Before I get into the (non-spoilery) review, I just want to say I wish all of my students would read this because it has one of the best examples of tragic irony I have read in a long, long time. I mean, seriously. It is super great. In that horrible tragedy way. You know what I mean.
I listened to the audiobook of this, and Rebecca Soler continues to be amazing. My only real complaint is that I have to look up how to spell pretty much all the names, and I will be forever infuriated that Evret’s name is spelled the way it is. I mean, seriously. What’s wrong with Everett is what I want to know? Oh god, and I just found out how Jacin is spelled. Kill me now.
Anyway! On to Levana and her crazy!
1. This novel operates as a character study that shows exactly how Levana got to be where she is and what drives her by the time the audience meets her in Cinder.
Non-spoiler alert: she’s crazy. Also, her family is crazy. Plus also, I know Adri is terrible and cruel, but it’s not like Cinder’s other option was all that wonderful either. Because Channary is also terrible and cruel (so, so cruel) and Levana, as we have established, is crazy. And terrible and cruel. So!
2. OMG, there is so much unchecked privilege running rampant in this story!
Between Channary and Levana who both get exactly what they want all the time (though Levana a little less so…until she becomes queen), the astounding amount of blindness to the suffering or lived realities of others is mind-boggling.
They are both terrible, terrible people, basically, though Levana tries a couple of times to be generous/caring. Too bad the poor thing doesn’t know how to.
I must also give props to Meyer for showing that queens would do what kings would do. I’m speaking specifically here of [SPOILER]rape and pretending the victims ever had a say in the matter. Levana tells Evret he has a choice, and then says (to herself of course) that she wouldn’t let him leave. Oh, and then when he tells her he never had a choice, she gets mad at him for saying it! Because his choice was to try to love her even though he could never say no to her, ever. Like, she is legit mad he didn’t try to love her when she forced him to have sex with her and to marry her even when he explicitly and repeatedly said he didn’t want to.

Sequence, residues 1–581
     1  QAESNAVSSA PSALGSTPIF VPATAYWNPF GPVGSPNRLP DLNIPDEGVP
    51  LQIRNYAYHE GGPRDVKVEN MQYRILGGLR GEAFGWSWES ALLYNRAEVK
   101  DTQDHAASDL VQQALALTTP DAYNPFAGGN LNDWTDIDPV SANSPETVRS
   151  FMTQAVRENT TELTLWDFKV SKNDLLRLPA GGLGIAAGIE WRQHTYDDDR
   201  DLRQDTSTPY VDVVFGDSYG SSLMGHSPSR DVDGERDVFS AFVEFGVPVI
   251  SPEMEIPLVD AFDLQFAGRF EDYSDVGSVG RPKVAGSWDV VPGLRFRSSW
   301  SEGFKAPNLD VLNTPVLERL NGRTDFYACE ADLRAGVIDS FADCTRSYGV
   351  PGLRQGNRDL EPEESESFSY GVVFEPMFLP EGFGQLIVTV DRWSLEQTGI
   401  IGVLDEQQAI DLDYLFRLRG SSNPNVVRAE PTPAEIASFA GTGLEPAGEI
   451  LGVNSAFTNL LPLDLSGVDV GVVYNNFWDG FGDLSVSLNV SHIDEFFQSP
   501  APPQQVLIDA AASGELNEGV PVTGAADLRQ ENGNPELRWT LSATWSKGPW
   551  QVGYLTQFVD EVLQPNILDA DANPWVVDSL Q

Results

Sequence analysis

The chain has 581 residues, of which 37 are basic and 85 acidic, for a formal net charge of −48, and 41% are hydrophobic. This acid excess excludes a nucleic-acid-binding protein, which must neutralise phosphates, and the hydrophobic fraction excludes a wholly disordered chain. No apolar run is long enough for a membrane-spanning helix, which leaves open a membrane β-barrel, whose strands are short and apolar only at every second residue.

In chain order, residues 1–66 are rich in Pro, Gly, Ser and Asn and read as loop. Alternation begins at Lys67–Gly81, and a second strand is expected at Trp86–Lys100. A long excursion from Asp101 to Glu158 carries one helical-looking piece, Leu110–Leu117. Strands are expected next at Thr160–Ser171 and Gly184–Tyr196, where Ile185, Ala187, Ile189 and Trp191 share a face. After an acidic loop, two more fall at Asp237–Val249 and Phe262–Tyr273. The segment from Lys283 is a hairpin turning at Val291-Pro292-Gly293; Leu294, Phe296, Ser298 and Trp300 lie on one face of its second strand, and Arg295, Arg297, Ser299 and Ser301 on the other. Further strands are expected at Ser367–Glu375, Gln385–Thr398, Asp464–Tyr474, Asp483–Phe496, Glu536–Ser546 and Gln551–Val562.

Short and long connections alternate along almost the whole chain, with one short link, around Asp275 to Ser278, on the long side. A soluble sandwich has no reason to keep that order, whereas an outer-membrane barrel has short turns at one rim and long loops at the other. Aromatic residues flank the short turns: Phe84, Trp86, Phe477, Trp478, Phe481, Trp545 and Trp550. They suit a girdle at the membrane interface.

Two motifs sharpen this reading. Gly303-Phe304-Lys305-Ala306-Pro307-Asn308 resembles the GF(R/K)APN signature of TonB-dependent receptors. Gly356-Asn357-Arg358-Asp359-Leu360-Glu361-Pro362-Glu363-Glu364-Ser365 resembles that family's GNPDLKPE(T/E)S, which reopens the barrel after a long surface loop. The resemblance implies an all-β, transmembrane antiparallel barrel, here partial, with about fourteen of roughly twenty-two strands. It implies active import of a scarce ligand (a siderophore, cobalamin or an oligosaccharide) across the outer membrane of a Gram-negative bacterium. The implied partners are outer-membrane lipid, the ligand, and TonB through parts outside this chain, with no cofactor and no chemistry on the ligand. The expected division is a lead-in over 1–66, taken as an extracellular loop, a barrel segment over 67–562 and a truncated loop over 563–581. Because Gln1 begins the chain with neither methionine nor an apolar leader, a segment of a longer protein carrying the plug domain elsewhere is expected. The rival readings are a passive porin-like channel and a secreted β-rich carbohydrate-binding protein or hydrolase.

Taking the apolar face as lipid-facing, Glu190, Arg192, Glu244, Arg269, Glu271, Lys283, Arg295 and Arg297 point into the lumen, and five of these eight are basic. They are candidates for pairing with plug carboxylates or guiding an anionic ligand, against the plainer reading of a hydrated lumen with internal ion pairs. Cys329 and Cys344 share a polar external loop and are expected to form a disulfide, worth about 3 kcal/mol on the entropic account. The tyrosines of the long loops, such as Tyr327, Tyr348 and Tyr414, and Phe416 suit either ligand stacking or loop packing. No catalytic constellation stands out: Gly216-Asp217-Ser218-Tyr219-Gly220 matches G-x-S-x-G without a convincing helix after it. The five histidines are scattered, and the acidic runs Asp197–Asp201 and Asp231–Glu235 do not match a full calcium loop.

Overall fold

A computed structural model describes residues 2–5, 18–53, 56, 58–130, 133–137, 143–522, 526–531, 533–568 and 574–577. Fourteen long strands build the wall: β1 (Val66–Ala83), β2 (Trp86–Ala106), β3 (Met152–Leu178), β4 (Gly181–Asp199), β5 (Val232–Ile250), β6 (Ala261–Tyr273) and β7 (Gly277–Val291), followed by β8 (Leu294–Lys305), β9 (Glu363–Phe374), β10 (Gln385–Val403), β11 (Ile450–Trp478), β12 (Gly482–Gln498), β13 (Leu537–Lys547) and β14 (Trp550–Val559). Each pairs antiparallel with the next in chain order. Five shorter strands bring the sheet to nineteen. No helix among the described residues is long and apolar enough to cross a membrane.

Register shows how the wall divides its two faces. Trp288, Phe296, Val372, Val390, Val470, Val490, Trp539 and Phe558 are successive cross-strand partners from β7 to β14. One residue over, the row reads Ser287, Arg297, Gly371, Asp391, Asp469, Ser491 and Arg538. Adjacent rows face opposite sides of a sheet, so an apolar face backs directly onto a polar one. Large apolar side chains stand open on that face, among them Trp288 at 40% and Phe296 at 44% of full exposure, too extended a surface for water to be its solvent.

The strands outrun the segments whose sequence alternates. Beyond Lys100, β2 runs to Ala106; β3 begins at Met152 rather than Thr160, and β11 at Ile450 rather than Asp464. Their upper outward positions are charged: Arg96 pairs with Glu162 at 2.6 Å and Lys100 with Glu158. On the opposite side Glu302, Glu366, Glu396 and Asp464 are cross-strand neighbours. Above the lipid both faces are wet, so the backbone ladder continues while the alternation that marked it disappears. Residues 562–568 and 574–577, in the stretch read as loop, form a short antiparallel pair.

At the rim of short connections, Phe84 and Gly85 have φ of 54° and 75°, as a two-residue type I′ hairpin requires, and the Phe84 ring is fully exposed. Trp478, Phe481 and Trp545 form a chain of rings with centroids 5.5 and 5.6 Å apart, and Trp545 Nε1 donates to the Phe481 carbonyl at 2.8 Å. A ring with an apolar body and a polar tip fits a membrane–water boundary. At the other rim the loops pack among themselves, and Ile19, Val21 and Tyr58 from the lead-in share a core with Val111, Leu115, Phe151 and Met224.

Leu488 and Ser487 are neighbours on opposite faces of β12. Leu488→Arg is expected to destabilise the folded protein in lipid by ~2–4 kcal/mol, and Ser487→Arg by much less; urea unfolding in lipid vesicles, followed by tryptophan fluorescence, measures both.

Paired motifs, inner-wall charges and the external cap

Oh, and Channary beds who she wants, when she wants, so she’s just out there sowing her royal oats/spreading her seed. I love that she doesn’t know/care who Cinder’s father is because all it means is she has produced an heir. Too bad she, too, is a psychopath.[/SPOILER]
3. Even though Levana is nucking futs, I did feel sympathy for her at times.
At times. I mean, she is obviously very, very lonely in the beginning of the story and desperately craves both love and attention. And she has no friends. And her sister is terrible and cruel. (SO TERRIBLE AND CRUEL.) But she also has zero concept of boundaries and, you know, is a psychopath. And a narcissist. So there’s that.
Also, I realized that she probably hates Cinder on ~*levels*~. [SPOILER]Because not only is Cinder supposed to be dead and the lost princess and rightful heir to the throne of Luna, but she also probably looks exactly like Channary (which is why Levana recognized her immediately), and, more infuriating for Levana, survived a fire and looks just fine.[/SPOILER]
Or, as my friend Casey said, “There is no scenario in which Levana doesn’t hate everything about her.”
4. Throughout the story, Levana does the following:
[SPOILER]rapes a guy (repeatedly!), murders some innocent people, manipulates pretty much everyone, engages in biological warfare, engages in biological engineering, steals children from families, sneers at the misfortune of others, impersonates a dead woman, and imagines how her parents’ blood would be a good color makeup[/SPOILER]
And she is remorseful for exactly none of it! In fact, she is so screwed in the head that someone will straight up tell her that she is crazy/not thinking clearly, and she twists whatever they say around to fit her own personal narrative. MA’AM. Get it together.
6. If she weren’t completely nuts, she would probably make a pretty good queen.
She clearly loves her country and is interested in the politics governing it. She wants the people to do well and be respected. Too bad about how she’s all gung-ho for bioterrorism and other general terribleness.
7. She lacks empathy–even for the people she claims to love.
The observed mourning period in Luna is three days, and she thinks mourning beyond that makes no sense. Of course, she doesn’t love anyone, so she has no concept of grief, so it’s understood. But she is legit like “That person died two weeks ago. Surely his/her loved one is over it by now.”
8. Levana needs all the hugs in the world.
Correction: she needed all the hugs in the world when she was a child/teen. Now she just must be stopped. Which leads us to Winter.
Nicely played, Marissa Meyer. Nicely played.